Tuesday the Lowndes County Commission voted to abolish the current rural waste collection centers and to contract with Veolia for waste pickup like in urban areas. This decision on an essentially rural matter was made by three urban Commissioners without any public hearing on their current RFP.
Before deciding, County Manager Joe Pritchard gave the history of the county's waste management railroad. A curiously redacted history.
As y'all know, in FY 04 and 05, operating costs of the solid waste program was approximately $1.1 million increasing at a rate of approximately 10% a year. As a result the at-that-time recently passed service delivery [...] act of General Assembly, the county and the cities of Lowndes County were forced to come to an agreement on the delivery of the vasrious services. As a result of that, solid waste came to be funded strictly on a user fee basis.
I'm guessing he's referring to HB 489, the Local government service delivery strategy agreement of 1997. As we learned from Richard Raines Monday, it's not clear HB 489 precluded a special tax district for waste disposal similar to the special tax lighting districts the county often sets up for streetlights in subdivisions. I've seen no indication the county ever seriously looked into that.
In April and May of 2008 the county advertised and conducted a series of eight public meetings in which we were asked by Commission to gather input from the public regarding the various options that were available. During those meetings it was obvious that there was not one clear option that was chosen by the public.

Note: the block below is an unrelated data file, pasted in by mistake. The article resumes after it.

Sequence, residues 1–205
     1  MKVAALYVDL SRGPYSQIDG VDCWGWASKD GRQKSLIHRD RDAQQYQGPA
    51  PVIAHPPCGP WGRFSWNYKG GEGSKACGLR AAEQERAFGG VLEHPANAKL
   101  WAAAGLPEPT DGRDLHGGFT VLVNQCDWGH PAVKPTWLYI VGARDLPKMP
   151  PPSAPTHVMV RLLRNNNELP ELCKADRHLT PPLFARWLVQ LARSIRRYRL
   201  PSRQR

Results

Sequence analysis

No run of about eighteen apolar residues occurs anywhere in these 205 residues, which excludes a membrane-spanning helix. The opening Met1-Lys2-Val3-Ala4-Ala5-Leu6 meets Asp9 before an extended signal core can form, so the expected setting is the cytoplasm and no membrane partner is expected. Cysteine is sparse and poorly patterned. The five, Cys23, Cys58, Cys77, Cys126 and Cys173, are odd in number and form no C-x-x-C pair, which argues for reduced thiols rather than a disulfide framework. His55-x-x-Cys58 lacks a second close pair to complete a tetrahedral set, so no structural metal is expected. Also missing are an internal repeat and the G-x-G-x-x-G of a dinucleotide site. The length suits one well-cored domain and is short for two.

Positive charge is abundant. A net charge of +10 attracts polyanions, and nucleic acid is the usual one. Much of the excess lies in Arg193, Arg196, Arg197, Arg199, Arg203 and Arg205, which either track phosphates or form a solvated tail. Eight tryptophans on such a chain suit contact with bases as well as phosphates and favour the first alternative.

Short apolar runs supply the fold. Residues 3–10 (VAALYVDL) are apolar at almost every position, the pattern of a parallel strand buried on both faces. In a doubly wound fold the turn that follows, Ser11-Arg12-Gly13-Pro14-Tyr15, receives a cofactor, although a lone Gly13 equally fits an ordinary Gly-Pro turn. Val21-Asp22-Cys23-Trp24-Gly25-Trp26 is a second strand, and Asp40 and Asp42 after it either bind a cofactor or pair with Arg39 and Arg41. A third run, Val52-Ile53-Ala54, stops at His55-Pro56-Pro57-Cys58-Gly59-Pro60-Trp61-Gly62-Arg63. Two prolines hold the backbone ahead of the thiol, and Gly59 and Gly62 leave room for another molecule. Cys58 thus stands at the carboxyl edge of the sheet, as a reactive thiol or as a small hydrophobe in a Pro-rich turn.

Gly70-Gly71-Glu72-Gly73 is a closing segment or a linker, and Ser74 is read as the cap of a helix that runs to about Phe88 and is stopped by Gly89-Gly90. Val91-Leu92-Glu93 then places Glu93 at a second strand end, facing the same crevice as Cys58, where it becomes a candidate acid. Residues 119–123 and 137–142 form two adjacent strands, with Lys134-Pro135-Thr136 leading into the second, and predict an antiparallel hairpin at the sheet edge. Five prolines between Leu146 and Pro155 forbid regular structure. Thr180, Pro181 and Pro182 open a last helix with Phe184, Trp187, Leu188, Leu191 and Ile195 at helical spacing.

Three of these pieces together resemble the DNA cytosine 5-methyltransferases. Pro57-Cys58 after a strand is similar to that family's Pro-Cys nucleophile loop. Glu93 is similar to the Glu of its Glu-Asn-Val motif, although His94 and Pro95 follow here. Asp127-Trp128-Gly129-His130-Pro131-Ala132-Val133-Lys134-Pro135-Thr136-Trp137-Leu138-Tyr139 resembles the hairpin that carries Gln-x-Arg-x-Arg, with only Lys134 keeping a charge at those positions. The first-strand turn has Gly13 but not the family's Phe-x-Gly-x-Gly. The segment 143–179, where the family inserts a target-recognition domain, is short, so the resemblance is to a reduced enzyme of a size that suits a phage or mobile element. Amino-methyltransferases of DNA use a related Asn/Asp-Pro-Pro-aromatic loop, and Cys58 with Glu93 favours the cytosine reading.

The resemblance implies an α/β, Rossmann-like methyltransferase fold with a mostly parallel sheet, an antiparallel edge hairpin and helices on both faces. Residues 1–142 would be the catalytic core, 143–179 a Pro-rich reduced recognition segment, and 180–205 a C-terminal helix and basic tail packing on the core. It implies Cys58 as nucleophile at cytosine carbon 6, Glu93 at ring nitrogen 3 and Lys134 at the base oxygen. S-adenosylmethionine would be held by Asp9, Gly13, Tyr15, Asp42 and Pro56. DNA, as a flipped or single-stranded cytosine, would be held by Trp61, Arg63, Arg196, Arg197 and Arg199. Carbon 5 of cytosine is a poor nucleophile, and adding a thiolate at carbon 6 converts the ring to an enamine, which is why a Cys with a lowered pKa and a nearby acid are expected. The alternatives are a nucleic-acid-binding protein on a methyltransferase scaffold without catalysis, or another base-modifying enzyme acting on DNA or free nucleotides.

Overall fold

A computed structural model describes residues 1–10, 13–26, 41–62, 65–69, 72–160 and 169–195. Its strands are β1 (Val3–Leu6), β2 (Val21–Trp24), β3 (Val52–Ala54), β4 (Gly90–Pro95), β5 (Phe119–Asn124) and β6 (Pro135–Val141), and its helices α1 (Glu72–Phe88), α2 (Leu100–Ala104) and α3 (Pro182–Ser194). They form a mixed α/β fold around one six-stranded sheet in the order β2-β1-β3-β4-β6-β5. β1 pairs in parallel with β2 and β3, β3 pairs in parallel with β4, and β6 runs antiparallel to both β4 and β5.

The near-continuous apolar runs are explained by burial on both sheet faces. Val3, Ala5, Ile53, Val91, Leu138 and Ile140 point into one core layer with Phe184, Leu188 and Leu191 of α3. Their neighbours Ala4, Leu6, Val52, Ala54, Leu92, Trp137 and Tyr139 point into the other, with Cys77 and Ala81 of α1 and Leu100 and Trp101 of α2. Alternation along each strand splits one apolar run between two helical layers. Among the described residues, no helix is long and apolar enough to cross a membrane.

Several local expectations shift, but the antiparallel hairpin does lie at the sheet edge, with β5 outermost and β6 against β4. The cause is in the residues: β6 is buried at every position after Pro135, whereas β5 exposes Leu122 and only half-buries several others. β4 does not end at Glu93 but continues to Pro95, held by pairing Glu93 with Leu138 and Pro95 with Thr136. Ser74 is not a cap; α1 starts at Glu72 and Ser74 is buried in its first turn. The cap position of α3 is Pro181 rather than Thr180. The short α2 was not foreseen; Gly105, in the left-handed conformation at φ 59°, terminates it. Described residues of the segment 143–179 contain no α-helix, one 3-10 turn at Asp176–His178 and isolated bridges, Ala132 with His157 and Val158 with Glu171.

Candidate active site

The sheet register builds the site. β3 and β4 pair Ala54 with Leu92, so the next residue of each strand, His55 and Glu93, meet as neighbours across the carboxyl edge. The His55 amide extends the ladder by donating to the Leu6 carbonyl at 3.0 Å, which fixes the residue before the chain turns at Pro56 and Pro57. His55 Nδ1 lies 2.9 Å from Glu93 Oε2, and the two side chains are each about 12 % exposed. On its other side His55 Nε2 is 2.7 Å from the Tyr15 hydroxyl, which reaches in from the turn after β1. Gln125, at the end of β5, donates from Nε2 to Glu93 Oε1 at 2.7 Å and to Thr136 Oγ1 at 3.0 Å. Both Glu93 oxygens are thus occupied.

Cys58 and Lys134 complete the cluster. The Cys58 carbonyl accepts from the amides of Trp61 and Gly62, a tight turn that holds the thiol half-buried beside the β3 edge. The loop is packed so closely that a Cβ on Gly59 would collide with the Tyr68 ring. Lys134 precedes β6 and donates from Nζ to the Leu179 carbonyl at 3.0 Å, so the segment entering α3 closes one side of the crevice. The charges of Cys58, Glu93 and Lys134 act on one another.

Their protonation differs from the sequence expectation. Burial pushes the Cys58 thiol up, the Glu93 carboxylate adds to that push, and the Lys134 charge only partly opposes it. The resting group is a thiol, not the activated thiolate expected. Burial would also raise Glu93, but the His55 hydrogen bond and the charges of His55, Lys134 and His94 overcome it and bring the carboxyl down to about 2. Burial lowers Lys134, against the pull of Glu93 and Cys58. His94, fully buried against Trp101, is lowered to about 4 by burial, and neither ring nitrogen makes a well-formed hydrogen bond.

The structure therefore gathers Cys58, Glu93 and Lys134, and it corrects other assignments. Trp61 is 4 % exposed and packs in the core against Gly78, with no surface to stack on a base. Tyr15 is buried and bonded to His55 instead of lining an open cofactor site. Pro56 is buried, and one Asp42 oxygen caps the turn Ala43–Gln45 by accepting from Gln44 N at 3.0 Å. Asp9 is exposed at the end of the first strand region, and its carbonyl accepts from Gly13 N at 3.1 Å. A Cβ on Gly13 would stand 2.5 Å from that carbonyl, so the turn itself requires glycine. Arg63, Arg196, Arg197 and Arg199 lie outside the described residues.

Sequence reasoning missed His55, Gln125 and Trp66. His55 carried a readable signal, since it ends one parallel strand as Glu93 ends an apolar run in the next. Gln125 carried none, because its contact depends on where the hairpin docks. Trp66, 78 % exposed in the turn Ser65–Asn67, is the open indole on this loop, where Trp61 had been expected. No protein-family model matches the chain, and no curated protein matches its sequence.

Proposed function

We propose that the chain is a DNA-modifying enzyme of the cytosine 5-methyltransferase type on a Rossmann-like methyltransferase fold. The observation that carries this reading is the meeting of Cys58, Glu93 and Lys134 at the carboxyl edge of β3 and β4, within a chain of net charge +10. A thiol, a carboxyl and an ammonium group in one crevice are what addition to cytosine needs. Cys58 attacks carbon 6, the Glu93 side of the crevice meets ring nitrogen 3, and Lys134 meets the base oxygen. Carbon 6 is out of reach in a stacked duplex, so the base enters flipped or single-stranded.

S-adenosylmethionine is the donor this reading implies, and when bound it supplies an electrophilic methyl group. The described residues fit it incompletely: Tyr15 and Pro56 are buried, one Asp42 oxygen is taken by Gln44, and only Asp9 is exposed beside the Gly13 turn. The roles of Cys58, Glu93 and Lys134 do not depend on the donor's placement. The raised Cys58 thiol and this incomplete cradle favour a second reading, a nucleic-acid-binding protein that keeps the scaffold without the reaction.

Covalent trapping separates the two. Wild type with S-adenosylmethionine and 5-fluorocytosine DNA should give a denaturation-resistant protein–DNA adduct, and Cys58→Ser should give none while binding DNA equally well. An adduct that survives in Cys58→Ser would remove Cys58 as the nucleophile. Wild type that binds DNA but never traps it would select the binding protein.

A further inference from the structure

Obvious to whom? For that matter,
In 2009 the Commission requested a non-exclusive curbside proposal. At that time Veolia was the only [...] to submit bids, and that bid was $19.78 a month increasing to $22.01 over a five-year period.
That decision was voted on in former chairman Rod Casey's last year on the Commission. Before that, Rod Casey told me that between the Commission and the staff they knew all there was to know about waste management and there was no need for any input from anyone else. Hm, maybe they didn't know everything, considering their decision didn't work. That same Commission rejected Veolia's bid 25 November 2008, passing the waste disposal buck to the next Commission.
After much consideration, the Commission instructed us to [...] a permit card and we did so in 2009.
The incoming Commission with Ashley Paulk as the new chairman had to pick up the pieces from the previous Commission's failed decision. The current cards are that repair plan.
That card was on sale for $100 annually. During that time we have changed the number of operating hours and personnel to try to maintain operating level and revenue. Unfortunately operating costs run annually slightly over $400,000. The revenue projections are a little bit complicated.
That's it? Just "a little bit complicated"? No dollar figures?
Just under 5,000 residents who have purchased the cards, and approximately over 11,000 unincorporated residents who currently contract with private callers. For the current service to continue, center hours would decrease, some centers would be closed, and the cost of the card would increase.
Or just increase the price of the card enough to cover the costs. What are the costs? How much would that increase be? We have no idea.
The final point I'd like to make is that during the period at the beginning of June we offered the cards for sale for a six month period. During that time the purchasers were provided with an information sheet explaining the history of the program, the current operation challenges, and information explaining that the Commission would be seeking requests for proposals in order to determine a possible new path of service beginning in 2013. Also an email address was provided and citizens were encouraged to send that information to county commissioners.